What’s needed for Valley medical school? About $25 million, feeder programs and more

The San Joaquin Valley Coalition for Medical Education held a meeting Wednesday October 16, 2019 at the Doctor Medical Center conference center in Modesto, Calif. to discuss a medical school serving the Valley.
The San Joaquin Valley Coalition for Medical Education held a meeting Wednesday October 16, 2019 at the Doctor Medical Center conference center in Modesto, Calif. to discuss a medical school serving the Valley. kcarlson@modbee.com

A coalition for medical education convened in Modesto on Wednesday and discussed what it will take to establish a University of California medical school serving the San Joaquin Valley.

Once proposed as a medical school at UC Merced, the plan would commit UC facilities in Merced and Fresno for a medical school to address a severe physician shortage in the Valley.

Expanding the UCSF medical education program in Fresno from 12 to 50 students would be a transitional step toward a school turning out home-grown doctors for communities in the Valley. Stretching from Stockton to Bakersfield, the Valley is one of the poorest and least healthy regions in California and has long-standing shortages of physicians, nurse practitioners, registered nurses and counselors.

Expansion of the Fresno program, a branch of the University of California, San Francisco, School of Medicine, would cost $20 million to $25 million. The medical students could possibly take the first three semesters of classes at UC Merced.

Assemblyman Adam Gray, D-Merced, convened the San Joaquin Valley Coalition for Medical Education at the Doctors Medical Center conference center on McHenry Avenue to forge ahead with planning. Assemblyman Joaquin Arambula, D-Fresno, and state Sen. Cathleen Galgiani, D-Stockton, took part in the discussion along with UC Merced and USCF Fresno executives, staff members of California Sens. Dianne Feinstein and Kamala Harris, and other politicians and members of the medical community.

Wednesday’s meeting on the medical school proposal, which dates to 2002 or earlier, had a roll-up-the-sleeves quality and will lead to smaller committees to discuss education pipelines to prepare students for medical careers and consider a huge endowment for funding the medical school. Coalition members stressed that expansion of residency programs is essential for training the medical school graduates.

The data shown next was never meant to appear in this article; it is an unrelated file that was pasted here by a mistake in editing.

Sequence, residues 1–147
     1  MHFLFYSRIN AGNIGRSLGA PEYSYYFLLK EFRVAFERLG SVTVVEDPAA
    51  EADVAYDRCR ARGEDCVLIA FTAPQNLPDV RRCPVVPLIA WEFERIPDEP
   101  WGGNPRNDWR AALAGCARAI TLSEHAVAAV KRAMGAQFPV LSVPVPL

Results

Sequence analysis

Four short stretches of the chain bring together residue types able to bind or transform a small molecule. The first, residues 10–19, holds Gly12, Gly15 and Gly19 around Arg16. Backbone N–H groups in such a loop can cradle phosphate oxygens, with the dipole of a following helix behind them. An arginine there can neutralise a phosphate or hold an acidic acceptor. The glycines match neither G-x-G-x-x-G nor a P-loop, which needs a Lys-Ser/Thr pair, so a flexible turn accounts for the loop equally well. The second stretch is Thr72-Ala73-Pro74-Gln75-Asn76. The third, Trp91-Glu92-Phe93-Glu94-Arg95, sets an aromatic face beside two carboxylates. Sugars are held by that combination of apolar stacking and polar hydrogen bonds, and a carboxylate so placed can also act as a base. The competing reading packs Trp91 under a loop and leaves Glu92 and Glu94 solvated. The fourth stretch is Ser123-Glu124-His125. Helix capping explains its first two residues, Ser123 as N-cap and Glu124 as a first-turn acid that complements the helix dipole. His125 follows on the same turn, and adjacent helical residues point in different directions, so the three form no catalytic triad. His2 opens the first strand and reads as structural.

A proposed UC Merced medical school was once in competition with Riverside, which got the nod from UC regents but then had to grapple for funding to support its medical school. Members of the San Joaquin Valley coalition want to avoid that fate and one suggestion is a large endowment to produce ongoing funding for the Valley medical school.

With less than 10,000 students, UC Merced may need more capacity and faculty support for teaching medical students.

Kate Kearns, director of the Valley Family Medicine Residency in Modesto, said that without more slots at Valley residency programs, the medical school graduates will run into a bottleneck, forcing some to leave the state for training in primary care.

Kearns said the Modesto-based family practice residency typically receives 1,100 applications for the 12 open slots every year. Students graduate from medical schools with medical knowledge and basic skills, but require additional years of training to work as doctors.

Physicians from more affluent areas have chosen not to practice in the eight-county Valley, dotted with poor and ethnically diverse communities like Modesto, Merced, Fresno and Tulare. A key strategy is developing home-grown physicians who will want to stay and practice in the Valley.

Dr. Kenny Banh, assistant dean of UCSF Fresno, said 100 percent of the medical students in Fresno are from the Central Valley and 80 percent are students of color or from under-represented minority groups.

The effort to found the medical school could involve more programs like the Doctors Academy for Fresno-area high school students who are interested in medical careers. “That is how you get the doctors to stay — by taking these students and growing your own,” Bahn said.

A University of California report, “Improving Health Access in the San Joaquin Valley,” noted that advanced practice nurses, such as nurse practitioners, play a big role in broadening access to care and improving health outcomes in other states. But California has some of the strictest “scope of practice” regulations for nurse practitioners.

Speakers at Wednesday’s planning meeting urged members of the medical community to use their connections with the California Medical Association to seek support in Sacramento for the medical school. Dr. Sukhjit Samra, president-elect of the Stanislaus Medical Society, promised to broach the subject with the society’s board of directors.

Gray and other elected officials said state legislative leaders have focused most attention on access to health coverage for California residents, but it’s just as important to prepare more health care providers to replace physicians who are leaving the field due to burnout and retirement.

“This has been a major priority that is not a No. 1 priority on anyone’s list,” Gray said.